Hal R. Varian

Articles by Hal R. Varian

These are articles by and about me, op-ed pieces, interviews, columns, etc. that are written for the general reader. More technical work can be found in the research papers section.


New York Times

The Industry Standard

Books by Hal R. Varian

You can order these books at http://www.inforules.com/other.htm.

The Economics of Information Technology
(with Joe Farrell and Carl Shapiro) This is a brief introductionn to some of the economic forces associated with information technology. It is part of the Raffaele Mattioli Lectures given at Bocconi Business School in Milan.
Information Rules: A Strategic Guide to the Network Economy
(with Carl Shapiro) This is a book about how to use economics to think about competitive strategy in high-tech industries. We examine pricing of information, lockin, networks, positive feedback, systems competition, standards, intellectual property, electronic markets, etc. Harvard Business School Press, November, 1998. For more information, see the Information Rules website.
Internet Publishing and Beyond
Co-edited with Brian Kahin. A collection of papers from a conference held at Harvard in 1996.
Variants in Economic Theory
This is a collection of selected works, along with some biographical reflections.
Fostering Research on the Economic and Social Impacts of Information Technology [HTML and Image] [PDF]
The National Science Foundation asked the Computer Science and Telecommunications Board (CSTB) of the National Research Council to gather perspectives on fruitful approaches to assessment of the impacts of using information technology. CSTB formed the multidisciplinary Steering Committee on Research Opportunities Relating to Economic and Social Impacts of Computing and Communications, and organized a workshop that was held on June 30-July 1, 1997. Hal R. Varian was chair of the committee that drafted this report.
Microeconomic Analysis
Graduate textbook in microeconomics, W. W. Norton and Company, 1978. Second edition, 1987. Third edition, 1992. Translated into Spanish, German, Japanese, French. You may also be interested in the Errata for Microeconomics Analysis [TeX] [PDF] [HTML]. [Publisher's description.]
Mathematica Notebooks to Accompany Microeconomic Analysis
This is a set of Mathematica Notebooks that describe various calculations used in Microeonomic Analysis.
Intermediate Microeconomics
Undergraduate textbook in microeconomics. W. W. Norton and Company 1987. Second edition 1990. Third edition 1993. Translated into Spanish, Italian, French, German, Hungarian, Portugese, Polish, Japanese, Chinese. Fourth English edition 1996. Fifth English edition 1999. Russian translation, in progress. Here is are chapter-by-chapter lecture notes in PDF format. You may also be interested in the Errata for Intermediate Microeconomics [TeX] [PDF] [HTML]. [Publishers's description .]
Microeconomic Workouts
(with Theodore Bergstrom) Exercises for Intermediate Microeconomics. W. W. Norton and Company, 1987. Second edition, 1990. Third edition 1993. Fourth edition 1996. Translated into Spanish, Italian, German.[Publisher's description.]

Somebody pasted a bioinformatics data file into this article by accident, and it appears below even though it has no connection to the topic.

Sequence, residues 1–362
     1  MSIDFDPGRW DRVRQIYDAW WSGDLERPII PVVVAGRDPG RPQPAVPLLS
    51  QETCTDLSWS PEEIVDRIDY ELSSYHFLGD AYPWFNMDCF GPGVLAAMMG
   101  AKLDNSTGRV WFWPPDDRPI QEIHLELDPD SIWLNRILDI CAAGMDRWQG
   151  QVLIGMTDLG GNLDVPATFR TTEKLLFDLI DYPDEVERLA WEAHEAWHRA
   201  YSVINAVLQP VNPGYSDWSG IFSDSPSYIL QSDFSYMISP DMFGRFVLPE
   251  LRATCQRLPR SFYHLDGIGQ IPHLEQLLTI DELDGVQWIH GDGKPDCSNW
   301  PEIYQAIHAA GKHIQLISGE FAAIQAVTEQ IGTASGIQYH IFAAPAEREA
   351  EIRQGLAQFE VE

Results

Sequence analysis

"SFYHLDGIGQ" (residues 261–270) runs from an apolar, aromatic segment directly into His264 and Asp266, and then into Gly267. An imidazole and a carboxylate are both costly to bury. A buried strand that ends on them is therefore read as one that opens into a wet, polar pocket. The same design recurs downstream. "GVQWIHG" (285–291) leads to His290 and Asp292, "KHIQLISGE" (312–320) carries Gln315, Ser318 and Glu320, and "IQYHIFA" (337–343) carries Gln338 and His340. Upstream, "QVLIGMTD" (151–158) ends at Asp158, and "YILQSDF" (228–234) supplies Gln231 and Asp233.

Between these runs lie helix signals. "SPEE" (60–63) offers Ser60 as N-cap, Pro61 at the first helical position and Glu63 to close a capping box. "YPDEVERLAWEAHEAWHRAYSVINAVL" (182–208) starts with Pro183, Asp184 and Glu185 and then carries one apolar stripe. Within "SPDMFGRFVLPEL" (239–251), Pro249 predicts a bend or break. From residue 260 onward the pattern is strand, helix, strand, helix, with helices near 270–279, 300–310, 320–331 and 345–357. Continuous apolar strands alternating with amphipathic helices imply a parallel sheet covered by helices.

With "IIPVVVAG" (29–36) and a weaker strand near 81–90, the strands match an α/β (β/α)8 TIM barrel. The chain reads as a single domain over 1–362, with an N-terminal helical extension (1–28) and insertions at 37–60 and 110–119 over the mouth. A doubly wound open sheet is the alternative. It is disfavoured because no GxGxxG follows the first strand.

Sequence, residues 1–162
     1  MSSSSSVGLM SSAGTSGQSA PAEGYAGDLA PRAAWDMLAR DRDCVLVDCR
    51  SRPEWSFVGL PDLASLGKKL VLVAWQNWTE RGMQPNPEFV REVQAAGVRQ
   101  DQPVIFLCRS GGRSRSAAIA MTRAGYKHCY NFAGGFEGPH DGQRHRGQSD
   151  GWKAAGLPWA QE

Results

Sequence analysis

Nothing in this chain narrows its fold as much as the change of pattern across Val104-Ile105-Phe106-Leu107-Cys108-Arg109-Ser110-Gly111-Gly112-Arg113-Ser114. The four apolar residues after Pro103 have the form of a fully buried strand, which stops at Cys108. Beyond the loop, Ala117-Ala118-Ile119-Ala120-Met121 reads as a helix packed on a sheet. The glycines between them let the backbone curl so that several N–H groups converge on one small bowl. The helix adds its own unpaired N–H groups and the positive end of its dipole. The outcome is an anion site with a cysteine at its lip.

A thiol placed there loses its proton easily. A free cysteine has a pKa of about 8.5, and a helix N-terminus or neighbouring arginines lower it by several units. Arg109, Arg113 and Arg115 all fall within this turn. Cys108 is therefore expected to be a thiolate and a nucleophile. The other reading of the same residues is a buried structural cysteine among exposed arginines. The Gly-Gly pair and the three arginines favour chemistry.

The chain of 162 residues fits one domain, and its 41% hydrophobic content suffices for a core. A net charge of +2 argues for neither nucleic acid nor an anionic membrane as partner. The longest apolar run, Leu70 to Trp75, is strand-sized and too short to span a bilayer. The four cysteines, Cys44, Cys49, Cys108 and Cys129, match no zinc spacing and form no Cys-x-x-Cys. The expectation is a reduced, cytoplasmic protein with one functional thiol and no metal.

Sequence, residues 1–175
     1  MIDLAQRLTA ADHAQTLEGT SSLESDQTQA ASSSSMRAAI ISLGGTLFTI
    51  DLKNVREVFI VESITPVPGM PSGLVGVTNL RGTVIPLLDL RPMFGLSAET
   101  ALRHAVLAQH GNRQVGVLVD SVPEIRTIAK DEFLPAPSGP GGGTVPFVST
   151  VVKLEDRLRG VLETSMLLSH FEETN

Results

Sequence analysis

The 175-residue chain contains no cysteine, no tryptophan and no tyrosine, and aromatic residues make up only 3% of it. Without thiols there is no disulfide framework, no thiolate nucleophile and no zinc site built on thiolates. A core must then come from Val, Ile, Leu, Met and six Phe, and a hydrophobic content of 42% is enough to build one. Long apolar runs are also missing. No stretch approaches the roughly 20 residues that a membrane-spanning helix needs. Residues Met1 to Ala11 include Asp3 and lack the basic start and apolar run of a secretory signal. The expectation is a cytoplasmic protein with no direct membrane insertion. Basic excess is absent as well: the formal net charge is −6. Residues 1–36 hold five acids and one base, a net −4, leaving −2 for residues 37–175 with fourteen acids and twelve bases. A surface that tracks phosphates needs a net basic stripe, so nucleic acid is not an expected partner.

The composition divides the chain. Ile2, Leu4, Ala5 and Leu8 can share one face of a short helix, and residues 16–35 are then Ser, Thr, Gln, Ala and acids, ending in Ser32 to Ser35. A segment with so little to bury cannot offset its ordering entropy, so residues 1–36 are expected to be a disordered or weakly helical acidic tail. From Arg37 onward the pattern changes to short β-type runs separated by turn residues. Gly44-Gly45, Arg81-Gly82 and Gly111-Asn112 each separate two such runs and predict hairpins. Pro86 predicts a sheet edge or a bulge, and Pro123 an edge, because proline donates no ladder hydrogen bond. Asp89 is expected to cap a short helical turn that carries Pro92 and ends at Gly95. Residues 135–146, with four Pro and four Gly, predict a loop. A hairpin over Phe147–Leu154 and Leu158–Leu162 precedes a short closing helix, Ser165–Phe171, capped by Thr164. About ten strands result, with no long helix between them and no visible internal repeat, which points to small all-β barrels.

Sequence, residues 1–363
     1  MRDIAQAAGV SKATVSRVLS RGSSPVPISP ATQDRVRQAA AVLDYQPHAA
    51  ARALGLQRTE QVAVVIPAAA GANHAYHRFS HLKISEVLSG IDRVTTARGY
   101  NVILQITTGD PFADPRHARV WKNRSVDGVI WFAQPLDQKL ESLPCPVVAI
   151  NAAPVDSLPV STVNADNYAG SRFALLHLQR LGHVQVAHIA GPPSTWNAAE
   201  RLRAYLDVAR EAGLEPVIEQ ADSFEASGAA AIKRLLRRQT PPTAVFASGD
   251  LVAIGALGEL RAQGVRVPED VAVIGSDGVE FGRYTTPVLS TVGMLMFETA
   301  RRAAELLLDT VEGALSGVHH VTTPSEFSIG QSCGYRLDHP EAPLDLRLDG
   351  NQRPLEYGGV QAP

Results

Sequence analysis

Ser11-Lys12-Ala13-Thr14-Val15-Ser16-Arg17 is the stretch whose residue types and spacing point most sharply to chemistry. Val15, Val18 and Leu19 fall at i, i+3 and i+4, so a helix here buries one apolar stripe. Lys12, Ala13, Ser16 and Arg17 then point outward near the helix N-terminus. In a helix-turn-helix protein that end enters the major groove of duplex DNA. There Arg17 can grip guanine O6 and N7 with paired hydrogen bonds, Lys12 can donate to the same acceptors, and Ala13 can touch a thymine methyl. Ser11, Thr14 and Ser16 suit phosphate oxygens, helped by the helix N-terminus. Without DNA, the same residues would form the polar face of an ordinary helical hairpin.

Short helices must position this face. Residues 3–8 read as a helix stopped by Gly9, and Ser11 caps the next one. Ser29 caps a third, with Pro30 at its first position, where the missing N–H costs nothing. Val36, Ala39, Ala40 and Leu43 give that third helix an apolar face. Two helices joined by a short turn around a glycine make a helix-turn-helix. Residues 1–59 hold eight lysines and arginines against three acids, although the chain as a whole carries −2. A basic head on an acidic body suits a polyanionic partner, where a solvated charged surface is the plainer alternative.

Economic and Financial Modeling with Mathematica
(editor) Collection of articles showing how to use the computer language Mathematica for economic and financial applications. [Notebooks]
Computational Economics and Finance: Modeling and Analysis with Mathematica
(editor) Collection of articles showing how to use the computer language Mathematica for economic and financial applications. [Notebooks]



Op Ed


Recent papers

Non-technical papers

Intelligent Technology [IMF Finance and Development, September 2016]
This is an overview and update of some of the themese in my Ely Lecture on Computer Mediated Transactions available below.
Causal Inference in Social Science: an Elementary Introduction [PNAS reprint]
This is a short and very elementary introduction to causal inference in social science applications targeted to machine learners. I illustrate the techniques described with examples chosen from the economics and marketing literature. [Prepared for Sackler Symposium on Drawing Causal Inference from Big Data, National Academy of Sciences, March 2015.]
A Hands on Guide to Google Data [Working paper] [Slides]. Also need [oosf.R]
Shows how to use Google Correlate, Google Trends, and Google Consumer Surveys for social science research.
Super Returns to Super Bowl Ads? (with Seth Stephens-Davidowitz and Michael D. Smith) [Working paper]
We use a natural experiment---the Super Bowl---to study the causal effect of advertising on demand for movies. Identification of the causal effect rests on two points: 1) Super Bowl ads are purchased before advertisers know which teams will play; 2) home cities of the teams that are playing will have proportionally more viewers that other cities. To appear in Quantitative Marketing and Economics, 2017.
Beyond Big Data [Working paper]
Transcript of keynote given at NABE meeting, Sept 2014, San Francisco.
Big Data: New Tricks for Econometrics [Working paper] [Data] [Published in JEP]
A review of some tools for the manipulation and analysis of big data, along with some speculations about how they can be used in econometrics.
Predicting the Present with Bayesian Structural Time Series (co-author: Steve Scott) [Working paper] [Slides from KDD 2013, Chicago]
A Bayesian model for variable selection in a time series context. Applications use Google Trends data to improve short term forecasts of economic indicators. Now published in Int. J. Mathematical Modeling and Numerical Optimisation, Vol. 5, Nos. 1/2, 2014.
Bayesian Variable Selection for Nowcasting Economic Time Series (co-author: Steve Scott) [Working paper] [Slides] Now published in NBER volume, Economic Analysis of the Digital Economy (2015), Avi Goldfarb, Shane M. Greenstein, and Catherine E. Tucker, editors (p. 119 - 135).
Combining Kalman filters, spike-and-slab regression and model averaging to improve short-term forecasts of time series.
Public Goods and Private Gifts [Working paper] [Slides]